Mini-golf business scores complaints

The return of miniature golf to Bethany Beach this summer garnered a warm response from most of the town, with residents citing the need for family-friendly activities in the downtown area after the town’s only course closed after the summer of 2005.

Coastal Point • M. PATRICIA TITUS: At least one Bethany resident has been put-off by having Captain Jack’s Pirate Mini-Golf as a neighbor.Coastal Point • M. PATRICIA TITUS
At least one Bethany resident has been put-off by having Captain Jack’s Pirate Mini-Golf as a neighbor.

But the project was not without its critics, and those critics have only increased in number and vociferousness since Captain Jack’s Pirate Mini-Golf opened at the corner of Pennsylvania Avenue and Central Boulevard in time for Memorial Day weekend.

Cecelia Lewis, whose family home neighbors the course to the north, told Bethany Beach Town Council members at their July 20 meeting, “It has turned out to be an eyesore.”

Lewis had attended most of the public hearings and other meetings regarding the mini-golf course and had voiced few concerns over the business during the winter.

Neither Lewis’ family nor the owners of the other neighboring property, to the west, joined a lawsuit filed by two other neighbors who were concerned about the impact of the mini-golf business on their residential properties and sought to overturn a Board of Adjustments decision that allowed the use. Neither of the immediate neighbors even expressed opposition to the project overall.

In fact, Lewis’ family had even initially requested a downgrading of the protective, solid-type fence that the western neighbors had requested, to an open fence that would allow more air flow. They changed their minds on that just prior to approval of elements of the project by the town’s Design Review Committee (DRC), asking for the solid fence — a request the DRC and Captain Jack’s owner Carol Schultze were happy to grant.

“What were they thinking about?” Lewis asked about the DRC last Friday before the council, complaining about the pirate ship and crew that decorate the golf course.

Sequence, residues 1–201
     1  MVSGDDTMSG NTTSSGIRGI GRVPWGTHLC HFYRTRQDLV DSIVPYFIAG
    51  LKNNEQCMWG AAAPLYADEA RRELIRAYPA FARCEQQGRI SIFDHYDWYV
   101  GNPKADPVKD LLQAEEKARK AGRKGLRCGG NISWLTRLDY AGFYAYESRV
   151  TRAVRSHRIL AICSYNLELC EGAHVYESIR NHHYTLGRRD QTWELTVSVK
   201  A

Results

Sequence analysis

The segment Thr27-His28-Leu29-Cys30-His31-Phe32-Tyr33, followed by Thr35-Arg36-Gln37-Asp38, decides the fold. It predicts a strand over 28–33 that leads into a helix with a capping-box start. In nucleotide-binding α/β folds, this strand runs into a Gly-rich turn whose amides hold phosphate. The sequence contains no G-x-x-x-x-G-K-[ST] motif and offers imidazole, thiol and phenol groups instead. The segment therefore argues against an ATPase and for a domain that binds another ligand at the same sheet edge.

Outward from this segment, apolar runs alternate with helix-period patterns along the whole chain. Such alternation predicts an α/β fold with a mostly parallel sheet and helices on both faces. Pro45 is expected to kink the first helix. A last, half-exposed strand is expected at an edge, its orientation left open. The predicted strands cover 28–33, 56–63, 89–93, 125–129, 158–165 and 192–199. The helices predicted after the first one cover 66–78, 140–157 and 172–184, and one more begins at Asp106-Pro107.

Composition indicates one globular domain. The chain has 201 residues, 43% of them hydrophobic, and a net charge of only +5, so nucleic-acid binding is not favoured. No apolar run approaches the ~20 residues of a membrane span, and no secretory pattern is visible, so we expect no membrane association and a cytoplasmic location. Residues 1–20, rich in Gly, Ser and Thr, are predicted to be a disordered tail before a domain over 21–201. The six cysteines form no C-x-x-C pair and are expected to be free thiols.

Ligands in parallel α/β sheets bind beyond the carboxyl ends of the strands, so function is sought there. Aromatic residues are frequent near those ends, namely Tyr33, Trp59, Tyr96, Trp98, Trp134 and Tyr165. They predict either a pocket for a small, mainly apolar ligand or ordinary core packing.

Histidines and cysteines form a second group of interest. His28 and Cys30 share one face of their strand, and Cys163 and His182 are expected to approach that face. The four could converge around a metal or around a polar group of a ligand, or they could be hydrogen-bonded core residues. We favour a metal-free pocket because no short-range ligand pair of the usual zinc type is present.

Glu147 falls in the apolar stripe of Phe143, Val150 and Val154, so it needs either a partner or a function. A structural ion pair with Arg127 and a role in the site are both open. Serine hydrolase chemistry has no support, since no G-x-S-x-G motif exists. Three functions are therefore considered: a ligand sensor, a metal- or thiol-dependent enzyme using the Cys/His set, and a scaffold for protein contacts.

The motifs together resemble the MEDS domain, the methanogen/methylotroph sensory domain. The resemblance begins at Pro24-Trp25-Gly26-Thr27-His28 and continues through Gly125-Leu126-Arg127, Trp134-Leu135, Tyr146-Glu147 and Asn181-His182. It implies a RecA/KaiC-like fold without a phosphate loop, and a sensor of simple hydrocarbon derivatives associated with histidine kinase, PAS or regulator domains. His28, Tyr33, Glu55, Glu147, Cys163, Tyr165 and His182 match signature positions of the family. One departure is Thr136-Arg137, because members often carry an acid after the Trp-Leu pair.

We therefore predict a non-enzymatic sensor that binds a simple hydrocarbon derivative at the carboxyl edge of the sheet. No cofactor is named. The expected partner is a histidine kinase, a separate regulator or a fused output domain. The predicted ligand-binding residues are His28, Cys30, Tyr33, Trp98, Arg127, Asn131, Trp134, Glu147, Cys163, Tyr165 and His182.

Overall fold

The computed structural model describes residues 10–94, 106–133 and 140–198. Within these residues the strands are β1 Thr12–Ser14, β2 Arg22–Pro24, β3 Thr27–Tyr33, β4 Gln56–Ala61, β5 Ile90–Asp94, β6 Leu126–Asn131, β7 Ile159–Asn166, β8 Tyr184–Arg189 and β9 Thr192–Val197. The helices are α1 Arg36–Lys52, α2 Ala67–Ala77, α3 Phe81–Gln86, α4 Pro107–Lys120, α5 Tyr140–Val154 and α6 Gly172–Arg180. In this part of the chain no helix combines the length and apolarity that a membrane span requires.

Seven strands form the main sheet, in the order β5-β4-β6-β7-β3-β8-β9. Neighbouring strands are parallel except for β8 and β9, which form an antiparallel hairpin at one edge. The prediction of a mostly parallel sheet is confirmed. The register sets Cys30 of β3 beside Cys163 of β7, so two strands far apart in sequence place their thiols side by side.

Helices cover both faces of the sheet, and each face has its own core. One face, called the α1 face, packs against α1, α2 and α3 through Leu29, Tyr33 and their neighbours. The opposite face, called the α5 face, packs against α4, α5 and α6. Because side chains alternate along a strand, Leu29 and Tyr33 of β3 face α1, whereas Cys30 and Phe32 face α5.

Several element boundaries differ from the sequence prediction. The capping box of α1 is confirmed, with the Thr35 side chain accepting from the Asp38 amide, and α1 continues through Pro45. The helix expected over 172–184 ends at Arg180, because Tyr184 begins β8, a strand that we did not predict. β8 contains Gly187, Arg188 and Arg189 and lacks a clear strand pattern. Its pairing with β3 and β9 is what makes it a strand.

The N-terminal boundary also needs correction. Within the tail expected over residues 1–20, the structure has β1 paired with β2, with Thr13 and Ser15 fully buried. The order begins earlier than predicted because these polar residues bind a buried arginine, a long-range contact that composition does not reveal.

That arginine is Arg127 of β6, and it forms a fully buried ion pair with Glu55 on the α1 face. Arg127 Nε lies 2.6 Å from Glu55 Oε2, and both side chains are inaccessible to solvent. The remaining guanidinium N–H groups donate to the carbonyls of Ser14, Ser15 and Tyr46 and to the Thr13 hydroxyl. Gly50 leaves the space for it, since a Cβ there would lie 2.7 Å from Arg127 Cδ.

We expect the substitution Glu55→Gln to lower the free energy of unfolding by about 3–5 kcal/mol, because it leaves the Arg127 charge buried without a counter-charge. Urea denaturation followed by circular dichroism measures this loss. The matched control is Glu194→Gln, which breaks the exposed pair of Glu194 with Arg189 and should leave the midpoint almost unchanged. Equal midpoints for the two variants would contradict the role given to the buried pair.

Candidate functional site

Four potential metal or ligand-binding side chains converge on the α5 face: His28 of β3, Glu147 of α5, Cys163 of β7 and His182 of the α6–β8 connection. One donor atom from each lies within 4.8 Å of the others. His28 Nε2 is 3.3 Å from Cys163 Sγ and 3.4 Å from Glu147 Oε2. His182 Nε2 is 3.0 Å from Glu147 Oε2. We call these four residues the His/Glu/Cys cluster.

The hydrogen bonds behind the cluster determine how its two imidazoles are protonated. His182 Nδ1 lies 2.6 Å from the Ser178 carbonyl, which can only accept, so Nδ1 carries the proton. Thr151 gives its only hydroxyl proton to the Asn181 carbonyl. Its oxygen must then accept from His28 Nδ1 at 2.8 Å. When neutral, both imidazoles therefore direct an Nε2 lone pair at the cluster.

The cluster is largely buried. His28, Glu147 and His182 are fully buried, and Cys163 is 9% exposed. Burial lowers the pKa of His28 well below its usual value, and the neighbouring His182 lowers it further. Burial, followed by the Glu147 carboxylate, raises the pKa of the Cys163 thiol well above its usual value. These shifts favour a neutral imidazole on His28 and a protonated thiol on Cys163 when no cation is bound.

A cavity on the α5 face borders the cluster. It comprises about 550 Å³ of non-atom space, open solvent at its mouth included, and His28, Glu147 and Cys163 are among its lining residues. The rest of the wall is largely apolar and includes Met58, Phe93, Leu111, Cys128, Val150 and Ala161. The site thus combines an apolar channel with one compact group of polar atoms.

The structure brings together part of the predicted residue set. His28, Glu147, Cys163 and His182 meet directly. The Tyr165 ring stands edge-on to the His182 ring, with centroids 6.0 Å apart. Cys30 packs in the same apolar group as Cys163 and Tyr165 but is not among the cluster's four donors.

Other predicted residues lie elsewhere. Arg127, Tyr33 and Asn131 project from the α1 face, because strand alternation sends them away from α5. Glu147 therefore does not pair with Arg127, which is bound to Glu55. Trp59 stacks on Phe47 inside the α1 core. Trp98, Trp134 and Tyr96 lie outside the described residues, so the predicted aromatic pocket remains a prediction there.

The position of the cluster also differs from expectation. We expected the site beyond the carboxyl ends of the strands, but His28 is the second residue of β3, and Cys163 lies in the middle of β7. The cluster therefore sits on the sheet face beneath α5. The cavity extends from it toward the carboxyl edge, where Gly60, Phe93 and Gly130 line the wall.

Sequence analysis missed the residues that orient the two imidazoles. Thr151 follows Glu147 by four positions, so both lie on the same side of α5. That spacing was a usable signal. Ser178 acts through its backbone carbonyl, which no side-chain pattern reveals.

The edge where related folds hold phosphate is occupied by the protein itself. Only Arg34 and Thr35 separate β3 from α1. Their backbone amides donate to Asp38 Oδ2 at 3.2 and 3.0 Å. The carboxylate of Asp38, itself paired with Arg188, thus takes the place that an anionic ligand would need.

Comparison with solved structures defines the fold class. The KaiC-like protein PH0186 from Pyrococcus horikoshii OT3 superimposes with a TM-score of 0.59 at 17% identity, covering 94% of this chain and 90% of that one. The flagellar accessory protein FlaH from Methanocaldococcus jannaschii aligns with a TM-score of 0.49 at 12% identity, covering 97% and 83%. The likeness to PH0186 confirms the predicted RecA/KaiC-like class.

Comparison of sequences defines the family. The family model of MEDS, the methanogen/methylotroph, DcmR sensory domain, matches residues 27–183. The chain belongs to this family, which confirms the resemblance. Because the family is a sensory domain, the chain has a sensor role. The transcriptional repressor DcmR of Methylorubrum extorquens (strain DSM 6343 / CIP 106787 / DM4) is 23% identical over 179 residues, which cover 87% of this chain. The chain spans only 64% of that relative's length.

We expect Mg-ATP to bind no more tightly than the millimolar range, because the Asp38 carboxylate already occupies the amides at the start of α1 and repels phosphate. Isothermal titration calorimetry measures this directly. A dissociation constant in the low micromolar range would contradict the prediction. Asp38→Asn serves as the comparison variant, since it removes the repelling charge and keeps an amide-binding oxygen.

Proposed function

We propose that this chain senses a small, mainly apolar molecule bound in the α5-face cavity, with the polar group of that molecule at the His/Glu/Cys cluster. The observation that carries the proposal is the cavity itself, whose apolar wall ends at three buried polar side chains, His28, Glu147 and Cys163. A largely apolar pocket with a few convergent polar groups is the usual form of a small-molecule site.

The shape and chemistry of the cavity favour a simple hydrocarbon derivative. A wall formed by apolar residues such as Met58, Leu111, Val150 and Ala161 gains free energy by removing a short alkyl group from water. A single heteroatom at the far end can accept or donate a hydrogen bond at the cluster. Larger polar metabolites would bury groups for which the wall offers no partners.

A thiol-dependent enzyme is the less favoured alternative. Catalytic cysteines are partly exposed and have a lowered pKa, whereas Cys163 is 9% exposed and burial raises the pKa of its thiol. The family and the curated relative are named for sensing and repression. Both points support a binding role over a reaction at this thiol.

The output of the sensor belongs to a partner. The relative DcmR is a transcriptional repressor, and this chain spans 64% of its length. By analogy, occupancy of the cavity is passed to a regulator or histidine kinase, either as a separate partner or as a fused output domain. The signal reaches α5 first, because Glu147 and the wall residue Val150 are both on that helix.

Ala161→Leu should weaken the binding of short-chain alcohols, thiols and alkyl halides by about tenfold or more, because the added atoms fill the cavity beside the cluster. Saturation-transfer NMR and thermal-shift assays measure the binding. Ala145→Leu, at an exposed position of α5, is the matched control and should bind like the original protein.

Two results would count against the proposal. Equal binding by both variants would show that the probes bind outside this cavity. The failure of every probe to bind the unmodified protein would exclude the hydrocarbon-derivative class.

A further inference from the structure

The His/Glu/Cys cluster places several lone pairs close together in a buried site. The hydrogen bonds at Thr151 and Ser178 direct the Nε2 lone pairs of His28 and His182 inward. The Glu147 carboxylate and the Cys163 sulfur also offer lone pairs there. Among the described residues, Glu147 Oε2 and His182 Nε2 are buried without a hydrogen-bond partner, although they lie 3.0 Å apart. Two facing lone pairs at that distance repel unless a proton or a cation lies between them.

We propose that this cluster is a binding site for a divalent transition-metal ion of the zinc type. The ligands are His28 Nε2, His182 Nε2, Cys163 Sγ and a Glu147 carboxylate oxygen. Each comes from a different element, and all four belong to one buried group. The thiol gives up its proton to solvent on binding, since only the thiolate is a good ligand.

“There’s noise all day,” she noted. “We’ve lost the use of our porch. The fence is useless in noise containment. The lights are so high and there are no shields. And the lock-up procedure at 11:30 is noisy,” Lewis added of the course’s town-mandated closing time of 11:30 p.m.

Lewis also said that trash and remaining construction debris cluttered the properties’ shared alleyway.

“I demand that you examine this issue again,” she told the council.

“We can’t take a nap. We can’t do anything until 11:30, when the golf course shuts down,” Lewis concluded.

While council members said they understood Lewis’ problems with the mini-golf operation, there was some sense that Lewis had come a bit late to the issue.

“You were at most of the hearings,” Council Member and DRC Chairman Lew Killmer reminded her.

He also reminded her and other critics of the decisions related to the course’s design that the DRC had found most of the issues involved to be outside of their control.

Coastal Point • M. PATRICIA TITUS
Pirate themes are all part of the plan at Captain Jack’s.

“Golf courses were not in our purview,” he said. “Only the building. The DRC only approved the building. The other elements were not under our jurisdiction.”

Indeed, DRC members and other town officials were stymied during the review process this spring when they realized that nothing on the property except the small building from which the business operates, and its fencing, lighting and signage were under the DRC’s ability to control.